Sorry for the long post, I just do not feel that this was a strong, informed move for an interfaith conference to make, and hopefully this view will not go unheeded.

-G

Cat C-B | December 10, 2009 at 5:37 pm

For the record, I’m pretty confident the position being represented here is at least a distortion of what the presenters at the Parliament likely said.

It simply does not jive with any of what I know of their reputations or actions in the public eye in the past, though I do understand the instinct to show solidarity with indigenous religions worldwide; whether Paganism is to be considered an indigenous religious movement or not, there are some important commonalities between Pagan religious traditions and indigenous ones in terms of how we approach our ancestors, the land itself, and the world of spirits and/or gods.

I can readily believe any of these folks working to build ties with indigenous leaders worldwide.

I am not convinced I’m going to find out anyone in attendance at the Parliament was actually claiming that Wicca is not Pagan. (I might not eat my Witch’s hat if I am wrong, but I’d be willing to nibble off the brim.)

Gaarik Daruth | December 10, 2009 at 5:50 pm

Addendum.

On the subject of cultural appropriation:

It’s been my experience through reading both lore and cultural studies of the Celts and Germano-Norse that cultural appropriation was a common practice of both these religions. The Celts and Romans both borrowed from the Greeks, the latter heavily, the former perhaps not so much; there is evidence that the Celts and Germanics traded concepts of religious practice back and forth, especially in areas of close proximity. And while it may be unpopular to point out, the Celts – in specific the Irish – were just fine with adopting the new Christian religion as a veneer and an addition to their own cultural practices, which lasted until about 600 CE or so, when Rome put a stop to it, at least on the overt level.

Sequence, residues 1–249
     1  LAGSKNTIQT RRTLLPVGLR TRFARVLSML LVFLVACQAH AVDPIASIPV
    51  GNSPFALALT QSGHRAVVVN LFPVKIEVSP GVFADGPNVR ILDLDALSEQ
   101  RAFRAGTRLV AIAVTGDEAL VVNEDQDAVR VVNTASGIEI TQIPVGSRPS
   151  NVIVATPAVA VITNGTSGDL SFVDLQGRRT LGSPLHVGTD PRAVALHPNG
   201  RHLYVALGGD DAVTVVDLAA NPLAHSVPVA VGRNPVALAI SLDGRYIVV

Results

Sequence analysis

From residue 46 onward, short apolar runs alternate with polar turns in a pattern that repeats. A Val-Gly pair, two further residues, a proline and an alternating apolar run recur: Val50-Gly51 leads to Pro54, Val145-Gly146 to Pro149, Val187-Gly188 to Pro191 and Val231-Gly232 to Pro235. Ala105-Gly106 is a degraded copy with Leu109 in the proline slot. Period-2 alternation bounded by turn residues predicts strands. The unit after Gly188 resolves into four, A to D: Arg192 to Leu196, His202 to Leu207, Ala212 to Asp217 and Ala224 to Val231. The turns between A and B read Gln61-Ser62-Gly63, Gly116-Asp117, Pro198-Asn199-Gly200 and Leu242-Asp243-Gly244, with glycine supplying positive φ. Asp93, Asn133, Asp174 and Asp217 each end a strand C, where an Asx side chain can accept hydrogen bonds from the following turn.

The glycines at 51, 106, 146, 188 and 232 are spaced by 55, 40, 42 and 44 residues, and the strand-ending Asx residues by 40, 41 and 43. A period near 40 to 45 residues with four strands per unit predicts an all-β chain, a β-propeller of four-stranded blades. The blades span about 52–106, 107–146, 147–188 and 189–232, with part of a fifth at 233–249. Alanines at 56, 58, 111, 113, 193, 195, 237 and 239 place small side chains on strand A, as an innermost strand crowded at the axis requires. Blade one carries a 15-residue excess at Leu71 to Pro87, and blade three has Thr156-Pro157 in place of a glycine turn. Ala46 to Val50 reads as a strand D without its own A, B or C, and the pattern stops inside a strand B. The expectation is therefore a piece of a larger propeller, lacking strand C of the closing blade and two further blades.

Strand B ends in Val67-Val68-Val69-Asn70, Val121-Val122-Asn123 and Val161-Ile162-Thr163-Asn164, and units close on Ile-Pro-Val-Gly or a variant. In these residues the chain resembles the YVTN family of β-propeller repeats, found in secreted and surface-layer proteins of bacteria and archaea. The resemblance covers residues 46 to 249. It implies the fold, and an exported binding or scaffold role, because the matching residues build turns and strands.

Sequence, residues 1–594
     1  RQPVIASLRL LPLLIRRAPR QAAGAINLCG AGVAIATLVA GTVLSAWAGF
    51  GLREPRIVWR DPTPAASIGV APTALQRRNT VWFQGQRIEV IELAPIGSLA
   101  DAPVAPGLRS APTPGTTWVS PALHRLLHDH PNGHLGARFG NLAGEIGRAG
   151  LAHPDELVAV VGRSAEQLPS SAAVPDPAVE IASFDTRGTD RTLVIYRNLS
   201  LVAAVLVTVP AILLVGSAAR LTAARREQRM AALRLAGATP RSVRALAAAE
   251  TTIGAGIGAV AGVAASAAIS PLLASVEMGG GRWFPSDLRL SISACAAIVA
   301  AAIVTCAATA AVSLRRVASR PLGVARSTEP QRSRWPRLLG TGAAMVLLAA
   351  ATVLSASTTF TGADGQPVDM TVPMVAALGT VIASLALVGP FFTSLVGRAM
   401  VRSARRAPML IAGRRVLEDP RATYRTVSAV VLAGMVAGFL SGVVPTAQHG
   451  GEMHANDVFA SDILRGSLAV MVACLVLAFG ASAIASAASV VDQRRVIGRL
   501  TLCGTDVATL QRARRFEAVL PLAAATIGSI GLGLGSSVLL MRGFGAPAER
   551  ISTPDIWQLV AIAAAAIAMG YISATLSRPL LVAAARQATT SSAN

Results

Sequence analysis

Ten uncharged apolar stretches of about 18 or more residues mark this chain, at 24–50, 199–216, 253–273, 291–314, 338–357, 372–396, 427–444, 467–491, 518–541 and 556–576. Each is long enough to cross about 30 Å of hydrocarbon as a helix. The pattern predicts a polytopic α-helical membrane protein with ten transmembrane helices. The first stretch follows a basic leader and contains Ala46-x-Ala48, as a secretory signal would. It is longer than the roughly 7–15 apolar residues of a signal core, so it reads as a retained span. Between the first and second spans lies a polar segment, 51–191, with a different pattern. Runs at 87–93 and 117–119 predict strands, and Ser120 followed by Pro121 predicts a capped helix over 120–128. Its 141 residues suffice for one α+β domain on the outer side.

If Christianization had not occurred, the Pagan European belief systems would still be in quite a few ways different today from what they were in the late BCE to early CE. Would they even be recognizable as Iron-Age paganism, I wonder, with all the changes Christianity has undergone in its ~2000 year history? Human civilization, after all, does not exist in a vacuum; perhaps stranger beliefs than monotheism would have developed and been adopted as a result. Would the Celts have adopted some Native American traditions if they had reached the “New World”? We might never know, but I bet they would have, considering that many Celtic tribes had a more land-based religion, as evidenced by their reverence for local areas (the Paps of Anu come to mind). The local spirits would definitely have had an impact on the religion.

-G

Gaarik Daruth | December 10, 2009 at 5:53 pm

Cat –

I truly hope you’re right. We’ll see when and if an “official” statement comes out.

Even if not, though, how can they enforce this change in the language?

RedBird | December 10, 2009 at 7:35 pm

Once again, people in the power of public audience are trying to define my religious identification out from under me. I was once Christian, but I stopped using that identification when I realized that most people had understanding of the term which was not congruent with mine — for me to say I was Christian would turn into a lie when viewed through the popular lens.

So far, I have been able to say I am a Witch without fear of a firm definition to the contrary. And I am just completing a course in contemporary global Paganism where the fuzzy edges of Pagan identification were explored. I am comfortable, for now, saying I am Pagan.

My ancestry is from all over northern Europe. After this many generations, it is hard to claim anything in that heritage as indigenous. My religion is of today, with many ancient roots and many post-modern understandings — one of which is that a word has no inherent meaning.